Both professional and volunteer firefighters have spoken against the federal government's proposed new law aimed at blocking the implementation of the Victorian Country Fire Authority (CFA) enterprise agreement.
Tamils protest on August 3 against Sri Lankan navy land grabs in Mullivaikkal.
Tamils who had been protesting outside a military cantonment in a suburb of Kilinochchi began a hunger strike on September 7.
In March, the Victorian Country Fire Authority (CFA) received a secret report from anti-union law firm Seyfarth Shaw Australia giving advice on how to attack the United Firefighters Union (UFU).
According to a Fairfax Media article summarising the leaked report, it recommended hiring firefighters on "individual and/or non-union contracts". It also recommended reducing union officials' right of entry into CFA workplaces.
An Australian lawyer who lodged a submission to the International Criminal Court (ICC) in 2014 calling for an investigation of Australian detention centres on Nauru and Manus Island, told a Refugee Action Collective (RAC) forum in Melbourne on September 5 that the release of the Nauru files has improved the chances of action being taken.
The federal government has published a proposed law to restrict the rights of firefighters and other emergency service workers.
The new law will amend the Fair Work Act to ban enterprise agreements covering workers employed by a “designated emergency management body” from containing “objectionable” terms — including requirements for management to consult with the relevant union.
More than 60 people took part in a vigil outside the Broadmeadows Magistrates’ Court on September 2 to support Jasmine Pilbrow who was found guilty of “interference with a crew member of an aircraft”.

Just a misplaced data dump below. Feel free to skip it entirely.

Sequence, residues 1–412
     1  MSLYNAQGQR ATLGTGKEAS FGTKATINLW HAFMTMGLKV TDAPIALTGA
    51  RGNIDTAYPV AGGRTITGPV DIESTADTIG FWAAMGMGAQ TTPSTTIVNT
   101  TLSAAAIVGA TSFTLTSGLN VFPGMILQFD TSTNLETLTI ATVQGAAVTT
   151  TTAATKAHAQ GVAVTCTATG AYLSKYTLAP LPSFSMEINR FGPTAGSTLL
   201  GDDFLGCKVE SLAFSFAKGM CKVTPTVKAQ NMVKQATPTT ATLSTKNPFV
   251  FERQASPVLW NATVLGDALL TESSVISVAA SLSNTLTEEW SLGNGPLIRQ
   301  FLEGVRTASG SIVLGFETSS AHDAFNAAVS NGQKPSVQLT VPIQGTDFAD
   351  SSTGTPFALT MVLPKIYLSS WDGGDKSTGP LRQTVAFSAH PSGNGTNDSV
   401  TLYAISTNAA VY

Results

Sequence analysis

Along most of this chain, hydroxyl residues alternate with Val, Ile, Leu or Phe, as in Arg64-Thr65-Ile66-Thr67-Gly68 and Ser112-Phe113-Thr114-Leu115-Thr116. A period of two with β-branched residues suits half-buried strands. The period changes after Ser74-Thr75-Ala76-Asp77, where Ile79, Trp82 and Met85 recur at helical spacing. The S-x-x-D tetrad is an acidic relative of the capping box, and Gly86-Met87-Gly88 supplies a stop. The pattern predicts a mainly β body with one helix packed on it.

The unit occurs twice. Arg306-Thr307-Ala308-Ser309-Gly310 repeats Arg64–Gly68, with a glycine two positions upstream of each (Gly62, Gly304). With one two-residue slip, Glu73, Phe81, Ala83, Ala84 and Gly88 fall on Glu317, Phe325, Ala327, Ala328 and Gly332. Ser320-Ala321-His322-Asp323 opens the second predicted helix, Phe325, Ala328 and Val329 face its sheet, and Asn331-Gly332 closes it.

In February last year, Pilbrow refused to take her seat on a Qantas aircraft in which a Tamil asylum seeker was being taken to Darwin before being deported to Sri Lanka.
Melanie Brown told the gathering her friend had peacefully explained to others on the plane her reasons for taking the action. Two other people then also stood up.
Firefighters rallied outside state parliament house on August 16 to demand greater support for the victims of toxic contamination at the Country Fire Authority's (CFA) former Fiskville training facility.
Fiskville was closed down in 2015, but a state parliamentary enquiry found that CFA management had known about the contamination since 2010 and allowed training to continue there. The chemicals have been linked to a rise in the number of incidences of cancer and other diseases among firefighters who trained there.
The United Firefighters Union (UFU) has commissioned a survey of bullying, harassment and discrimination within Victoria's Metropolitan Fire Brigade (MFB) and Country Fire Authority (CFA). The survey is being conducted by researchers from the University of Newcastle.
Meanwhile, the Victorian Equal Opportunity and Human Rights Commission (VEOHRC) is carrying out a survey commissioned by MFB and CFA management. The UFU has advised its members not to participate in the VEOHRC survey.
About 250 people attended a rally on August 4 in solidarity with 55 sacked maintenance workers who had been employed at the Carlton & United Breweries (CUB) plant in Abbotsford.
The workers, members of the Electrical Trades Union (ETU) and Australian Manufacturing Workers Union, were sacked on June 10. They were told they could re-apply for their jobs with a new contracting company, but that their pay would be cut by 65%.
The rally, held outside the CUB brewery, was attended by members and officials from a wide range of unions.